When you know whether you want to prioritise your book now or in the future, you can think creatively about what you could do differently. Once you know what the challenges are, you can find creative solutions to them. Once you know how much time you have in your life right now to focus on your book, you can figure out a reasonable timescale for finishing it.

Systems not tips

You can get plenty of time management tips for writers on this blog. I’ve written a whole series of them and if you want to find time to focus on what’s important, I recommend you make your favourite brew and check them out (there are videos!) but right now I want to talk about systems.

What’s a system? A system is a way of doing something that you set up proactively and deliberately in advance. As far as writing a book is concerned, a system is the opposite of ‘oh I might do some writing this afternoon, I’ll see how I feel’ or ‘I’ll write a book one day, I just don’t know when.’ I’m tempted to say that a system separates the men from the boys, but that would be outrageously sexist, so I’ll put it like this: a setting up a system (or merely the idea of setting up a system) will tell you pretty quickly whether you really do want to write a book. It makes the idea concrete.

A system is:

  • practical (it’s about what you will do)
  • bespoke (base it on your life)
  • workable (it’s obvious what to do next)
  • creative (it’s designed to ‘contain’ your creative output)

A system is not:

  • painful or punishing (if you act like a sergeant major it won’t work!)
  • overwhelming (if it feels that way, redo the system)
  • out there (push past your comfort zone a little, but not too much)
  • divorced from reality (consider your current context as much as possible)

What to include in your system

Do some ground work first. Identify similar books to the one you want to write, follow the writers on social media, read about how they achieved their success. I’ve written more about how to do that in this post. Then you need to work out:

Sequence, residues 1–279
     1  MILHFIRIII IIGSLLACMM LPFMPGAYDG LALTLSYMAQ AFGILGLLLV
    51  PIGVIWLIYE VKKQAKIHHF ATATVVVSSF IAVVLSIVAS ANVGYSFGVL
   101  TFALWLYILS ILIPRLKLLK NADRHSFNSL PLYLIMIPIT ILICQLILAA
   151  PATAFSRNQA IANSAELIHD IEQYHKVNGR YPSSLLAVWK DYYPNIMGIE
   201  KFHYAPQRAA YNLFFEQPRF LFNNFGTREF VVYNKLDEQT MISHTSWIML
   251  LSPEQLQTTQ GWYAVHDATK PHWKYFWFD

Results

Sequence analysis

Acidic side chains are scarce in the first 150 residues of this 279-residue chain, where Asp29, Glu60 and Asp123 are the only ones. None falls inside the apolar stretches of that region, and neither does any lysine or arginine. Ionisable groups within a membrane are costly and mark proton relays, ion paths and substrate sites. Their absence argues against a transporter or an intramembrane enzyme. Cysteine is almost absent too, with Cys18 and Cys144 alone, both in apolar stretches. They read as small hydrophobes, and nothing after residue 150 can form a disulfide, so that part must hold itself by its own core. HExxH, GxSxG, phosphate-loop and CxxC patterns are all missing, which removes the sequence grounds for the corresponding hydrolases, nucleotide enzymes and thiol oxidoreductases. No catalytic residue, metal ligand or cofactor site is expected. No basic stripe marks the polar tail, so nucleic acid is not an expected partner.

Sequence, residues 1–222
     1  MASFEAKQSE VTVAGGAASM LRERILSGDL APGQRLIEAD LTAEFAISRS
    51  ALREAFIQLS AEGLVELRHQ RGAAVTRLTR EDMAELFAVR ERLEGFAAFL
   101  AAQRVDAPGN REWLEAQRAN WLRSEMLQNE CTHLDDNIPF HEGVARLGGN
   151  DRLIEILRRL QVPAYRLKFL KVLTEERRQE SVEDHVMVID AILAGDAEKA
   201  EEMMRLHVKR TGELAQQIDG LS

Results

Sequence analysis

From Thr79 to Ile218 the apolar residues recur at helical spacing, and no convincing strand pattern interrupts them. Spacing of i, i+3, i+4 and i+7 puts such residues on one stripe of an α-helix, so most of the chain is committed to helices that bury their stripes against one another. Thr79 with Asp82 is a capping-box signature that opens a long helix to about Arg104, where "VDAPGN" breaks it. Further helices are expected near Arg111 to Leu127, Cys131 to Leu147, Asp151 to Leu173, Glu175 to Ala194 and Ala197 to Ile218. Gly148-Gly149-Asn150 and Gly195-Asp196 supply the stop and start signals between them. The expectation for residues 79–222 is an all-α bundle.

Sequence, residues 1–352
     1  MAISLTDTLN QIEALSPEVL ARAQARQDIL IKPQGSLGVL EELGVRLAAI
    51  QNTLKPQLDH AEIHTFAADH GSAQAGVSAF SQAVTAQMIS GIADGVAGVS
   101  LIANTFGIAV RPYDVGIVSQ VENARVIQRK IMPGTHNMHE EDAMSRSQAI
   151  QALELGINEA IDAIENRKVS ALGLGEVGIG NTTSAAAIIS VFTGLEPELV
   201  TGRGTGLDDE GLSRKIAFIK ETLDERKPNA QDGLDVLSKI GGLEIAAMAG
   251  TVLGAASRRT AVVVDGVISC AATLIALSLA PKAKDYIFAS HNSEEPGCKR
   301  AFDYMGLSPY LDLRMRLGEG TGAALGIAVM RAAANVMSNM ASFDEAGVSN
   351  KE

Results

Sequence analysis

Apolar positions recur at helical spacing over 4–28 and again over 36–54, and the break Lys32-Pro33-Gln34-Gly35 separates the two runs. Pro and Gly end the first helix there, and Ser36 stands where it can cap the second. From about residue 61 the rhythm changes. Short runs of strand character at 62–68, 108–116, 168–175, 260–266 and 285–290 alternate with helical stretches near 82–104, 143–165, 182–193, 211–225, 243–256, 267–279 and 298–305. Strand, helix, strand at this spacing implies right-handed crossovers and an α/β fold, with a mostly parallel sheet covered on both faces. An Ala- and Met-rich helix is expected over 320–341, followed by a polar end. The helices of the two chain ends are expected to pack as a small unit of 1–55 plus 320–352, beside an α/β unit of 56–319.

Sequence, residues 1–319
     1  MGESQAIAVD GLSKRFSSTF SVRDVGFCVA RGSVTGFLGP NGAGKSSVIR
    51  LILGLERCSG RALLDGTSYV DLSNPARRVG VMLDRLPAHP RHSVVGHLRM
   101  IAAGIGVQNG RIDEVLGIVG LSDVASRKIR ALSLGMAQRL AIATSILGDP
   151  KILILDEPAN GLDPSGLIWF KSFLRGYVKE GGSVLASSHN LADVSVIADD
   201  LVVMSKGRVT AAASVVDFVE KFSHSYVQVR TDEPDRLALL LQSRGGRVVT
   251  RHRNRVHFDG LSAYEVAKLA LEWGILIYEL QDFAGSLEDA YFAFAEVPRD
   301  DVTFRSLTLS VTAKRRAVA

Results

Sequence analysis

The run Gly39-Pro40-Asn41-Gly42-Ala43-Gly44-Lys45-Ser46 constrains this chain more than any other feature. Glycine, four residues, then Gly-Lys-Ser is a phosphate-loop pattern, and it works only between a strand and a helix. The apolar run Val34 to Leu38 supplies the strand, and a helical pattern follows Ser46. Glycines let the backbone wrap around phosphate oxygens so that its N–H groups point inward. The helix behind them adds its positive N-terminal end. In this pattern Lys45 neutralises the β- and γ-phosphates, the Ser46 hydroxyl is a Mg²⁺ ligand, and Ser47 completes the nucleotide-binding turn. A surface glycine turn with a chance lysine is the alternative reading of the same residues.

• how long you want to take to write a first draft of your book. If you don’t know, do some maths based on the length of similar books and how much you usually write in one session.
  • How many writing sessions you want to fit in per week in order to achieve that goal.
  • what changes you want to make to your life to fit in some focused writing time.

Notice I said ‘want’ and not ‘should’. Go back to the five questions if this surprises you! This exercise is based on what you want to achieve and not on what you should or even what you could do.

Your system will rely on finding a time and space to write, turning up regularly, and planning.  I’ve written about those things in this blog post and the posts that link out from it.

What happens next?

Once you’ve been through the exercises I suggest in these two posts (here’s the first one) you’ll know if you really want to write a book enough to prioritise it, and you’ll have enough information to set up a system for getting your book written. Setting up a system is about saying ‘yes’ to your writing and prioritising the book you really want to write. Need help? Here’s how you can work with me.

More soon. Until then, happy writing,

Lou xx

P.S. Here’s the next post in this series: I want to write a book but I don’t have an idea.